The first issue of Love And Rockets came out in 1982. It was co-created by brothers Gilbert, Jaime and Mario Hernandez.
They started off by self-publishing their work, but it wasn’t long before they got a publisher, started racking up awards and earned a passionate fan base.
Mario eventually took a step back to raise a family, but Gilbert and Jaime have been going strong with the series for over four decades now.
To celebrate 40 years of Love and Rockets, their publisher Fantagraphics recently released a box set of their classic work: Love and Rockets: The First Fifty.
Love and Rockets is a collection of stories. Several of Gilbert’s stories take place in the fictional town of Palomar, in Latin America. Jaime’s stories usually take place in the US, centering around the personal lives of two Chicana women: Maggie and Hopey.
Inside the pages of Love and Rockets, there’s themes of humanism: stories lifted from the Hernandez Brothers’ life growing up brown and punk in the Southern California farm town of Oxnard. At other times, the series goes on flights of magical realist fantasy.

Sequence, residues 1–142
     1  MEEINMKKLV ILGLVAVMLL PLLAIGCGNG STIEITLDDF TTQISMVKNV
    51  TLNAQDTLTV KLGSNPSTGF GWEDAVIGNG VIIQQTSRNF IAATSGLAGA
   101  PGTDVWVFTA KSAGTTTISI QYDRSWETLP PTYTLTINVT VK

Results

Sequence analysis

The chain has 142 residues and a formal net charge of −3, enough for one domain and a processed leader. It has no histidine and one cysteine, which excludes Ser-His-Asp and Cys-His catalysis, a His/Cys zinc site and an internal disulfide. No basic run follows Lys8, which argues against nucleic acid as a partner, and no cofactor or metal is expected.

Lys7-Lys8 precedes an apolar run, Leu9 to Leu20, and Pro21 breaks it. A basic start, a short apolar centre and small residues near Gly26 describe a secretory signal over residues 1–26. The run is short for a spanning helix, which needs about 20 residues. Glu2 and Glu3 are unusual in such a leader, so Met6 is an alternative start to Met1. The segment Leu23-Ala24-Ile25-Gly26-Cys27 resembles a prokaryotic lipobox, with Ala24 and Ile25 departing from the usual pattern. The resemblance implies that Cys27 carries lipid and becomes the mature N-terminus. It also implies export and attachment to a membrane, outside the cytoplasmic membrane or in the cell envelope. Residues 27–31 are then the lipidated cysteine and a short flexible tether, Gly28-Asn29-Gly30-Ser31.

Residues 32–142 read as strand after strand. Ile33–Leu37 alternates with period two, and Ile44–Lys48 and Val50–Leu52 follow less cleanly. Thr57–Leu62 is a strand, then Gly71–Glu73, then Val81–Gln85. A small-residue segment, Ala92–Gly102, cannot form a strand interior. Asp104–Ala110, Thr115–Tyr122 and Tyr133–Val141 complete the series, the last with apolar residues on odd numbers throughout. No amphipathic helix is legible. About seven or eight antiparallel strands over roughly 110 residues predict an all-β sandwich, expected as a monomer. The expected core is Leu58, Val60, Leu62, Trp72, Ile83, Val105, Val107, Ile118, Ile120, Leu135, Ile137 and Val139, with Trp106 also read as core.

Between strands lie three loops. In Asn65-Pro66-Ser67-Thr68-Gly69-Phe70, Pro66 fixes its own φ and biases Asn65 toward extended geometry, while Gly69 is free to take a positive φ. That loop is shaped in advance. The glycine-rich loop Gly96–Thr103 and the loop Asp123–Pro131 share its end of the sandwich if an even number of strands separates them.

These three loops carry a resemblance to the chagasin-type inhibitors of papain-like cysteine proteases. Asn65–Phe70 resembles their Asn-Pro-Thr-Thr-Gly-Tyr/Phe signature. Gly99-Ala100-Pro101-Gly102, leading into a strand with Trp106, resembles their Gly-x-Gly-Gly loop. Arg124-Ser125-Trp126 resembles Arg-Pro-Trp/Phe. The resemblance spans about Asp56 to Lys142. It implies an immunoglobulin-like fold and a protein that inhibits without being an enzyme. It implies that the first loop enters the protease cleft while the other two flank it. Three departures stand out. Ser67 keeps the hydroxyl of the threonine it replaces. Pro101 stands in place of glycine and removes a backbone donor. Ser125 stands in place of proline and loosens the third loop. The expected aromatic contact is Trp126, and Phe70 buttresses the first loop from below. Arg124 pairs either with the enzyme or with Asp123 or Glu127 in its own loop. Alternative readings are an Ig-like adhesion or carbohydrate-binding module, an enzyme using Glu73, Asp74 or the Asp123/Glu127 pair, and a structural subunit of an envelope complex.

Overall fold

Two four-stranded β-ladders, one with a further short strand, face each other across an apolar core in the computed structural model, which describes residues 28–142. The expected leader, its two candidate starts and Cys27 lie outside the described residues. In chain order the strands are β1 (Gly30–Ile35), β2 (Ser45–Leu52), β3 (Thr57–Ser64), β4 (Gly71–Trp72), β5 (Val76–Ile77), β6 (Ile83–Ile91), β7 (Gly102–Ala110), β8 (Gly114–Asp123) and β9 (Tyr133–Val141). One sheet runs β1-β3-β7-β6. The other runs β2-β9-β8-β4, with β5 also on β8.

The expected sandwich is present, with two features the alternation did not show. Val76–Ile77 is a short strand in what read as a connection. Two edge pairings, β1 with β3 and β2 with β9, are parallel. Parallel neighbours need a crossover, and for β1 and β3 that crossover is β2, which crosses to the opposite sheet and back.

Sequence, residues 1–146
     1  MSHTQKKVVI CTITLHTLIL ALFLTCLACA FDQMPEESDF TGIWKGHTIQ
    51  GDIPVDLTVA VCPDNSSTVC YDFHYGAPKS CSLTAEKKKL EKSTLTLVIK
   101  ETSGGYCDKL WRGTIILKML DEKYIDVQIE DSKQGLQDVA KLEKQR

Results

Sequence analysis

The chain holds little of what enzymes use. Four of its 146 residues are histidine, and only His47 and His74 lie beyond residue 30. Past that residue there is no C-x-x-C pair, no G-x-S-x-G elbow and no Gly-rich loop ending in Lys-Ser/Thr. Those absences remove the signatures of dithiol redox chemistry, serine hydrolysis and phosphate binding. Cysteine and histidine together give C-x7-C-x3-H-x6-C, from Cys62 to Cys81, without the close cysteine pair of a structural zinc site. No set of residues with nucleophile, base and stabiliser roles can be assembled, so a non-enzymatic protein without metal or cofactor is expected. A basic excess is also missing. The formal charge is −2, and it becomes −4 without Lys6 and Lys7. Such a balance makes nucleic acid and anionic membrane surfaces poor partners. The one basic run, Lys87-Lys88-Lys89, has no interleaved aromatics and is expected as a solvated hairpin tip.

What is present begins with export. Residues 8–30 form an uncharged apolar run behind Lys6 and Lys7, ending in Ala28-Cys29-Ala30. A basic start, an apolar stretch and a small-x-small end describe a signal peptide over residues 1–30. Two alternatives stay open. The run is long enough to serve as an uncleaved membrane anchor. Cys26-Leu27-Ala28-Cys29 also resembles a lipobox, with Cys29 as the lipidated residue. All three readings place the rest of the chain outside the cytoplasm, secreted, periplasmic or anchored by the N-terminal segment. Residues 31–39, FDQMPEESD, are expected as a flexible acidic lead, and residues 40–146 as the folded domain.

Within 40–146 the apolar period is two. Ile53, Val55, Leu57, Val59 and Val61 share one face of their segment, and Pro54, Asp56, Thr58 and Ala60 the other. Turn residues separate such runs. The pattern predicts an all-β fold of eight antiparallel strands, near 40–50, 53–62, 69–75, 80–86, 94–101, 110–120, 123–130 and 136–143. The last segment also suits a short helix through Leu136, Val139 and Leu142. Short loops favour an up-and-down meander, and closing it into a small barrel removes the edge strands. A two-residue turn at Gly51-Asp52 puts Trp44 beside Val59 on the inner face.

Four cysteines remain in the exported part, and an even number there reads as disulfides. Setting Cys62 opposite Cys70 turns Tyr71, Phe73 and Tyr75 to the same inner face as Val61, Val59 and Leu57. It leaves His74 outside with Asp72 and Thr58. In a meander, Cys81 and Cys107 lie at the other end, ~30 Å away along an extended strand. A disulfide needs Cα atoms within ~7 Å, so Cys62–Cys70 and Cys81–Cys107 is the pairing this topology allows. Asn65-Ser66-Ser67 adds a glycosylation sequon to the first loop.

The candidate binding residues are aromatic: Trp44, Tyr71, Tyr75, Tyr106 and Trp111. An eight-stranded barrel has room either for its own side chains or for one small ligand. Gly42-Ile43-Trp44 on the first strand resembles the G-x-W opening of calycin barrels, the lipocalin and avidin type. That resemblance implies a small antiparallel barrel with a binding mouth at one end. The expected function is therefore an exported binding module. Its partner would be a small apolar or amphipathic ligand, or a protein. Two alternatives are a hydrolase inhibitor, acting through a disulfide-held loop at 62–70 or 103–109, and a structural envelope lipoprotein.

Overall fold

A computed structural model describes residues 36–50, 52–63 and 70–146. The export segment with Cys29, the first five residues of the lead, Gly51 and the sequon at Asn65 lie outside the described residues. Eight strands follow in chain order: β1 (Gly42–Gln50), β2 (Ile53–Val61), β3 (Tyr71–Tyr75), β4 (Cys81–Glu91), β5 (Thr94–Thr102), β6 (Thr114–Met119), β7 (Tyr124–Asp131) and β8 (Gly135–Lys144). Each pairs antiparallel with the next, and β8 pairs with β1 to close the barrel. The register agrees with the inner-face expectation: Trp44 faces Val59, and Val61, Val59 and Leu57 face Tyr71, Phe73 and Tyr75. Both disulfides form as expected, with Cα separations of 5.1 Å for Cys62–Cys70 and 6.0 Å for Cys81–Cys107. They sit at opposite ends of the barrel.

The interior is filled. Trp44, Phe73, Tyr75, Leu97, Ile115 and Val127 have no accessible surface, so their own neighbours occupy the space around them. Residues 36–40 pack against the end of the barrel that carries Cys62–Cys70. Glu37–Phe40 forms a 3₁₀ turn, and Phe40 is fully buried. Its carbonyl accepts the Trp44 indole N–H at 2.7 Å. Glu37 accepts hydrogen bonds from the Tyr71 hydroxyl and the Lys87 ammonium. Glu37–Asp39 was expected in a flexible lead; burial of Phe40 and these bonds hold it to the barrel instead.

Interviewing Gilbert and Jaime is correspondent Brian Heater. The Hernandez brothers get into how it all started and the recent box set collection. Plus, what it’s like to live with these characters for decades, and whether they’ve thought about how the stories might end.
If you enjoyed Brian Heater’s conversation with the Hernandez brothers check out his podcast Recommended If You Like. On that show, he talks with musicians, cartoonists, and other creative types. You can find his interview with Mario Hernandez here.
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Bullseye is a celebration of the best of arts and culture in public radio form. Host Jesse Thorn sifts the wheat from the chaff to bring you in-depth interviews with the most revered and revolutionary minds in our culture.
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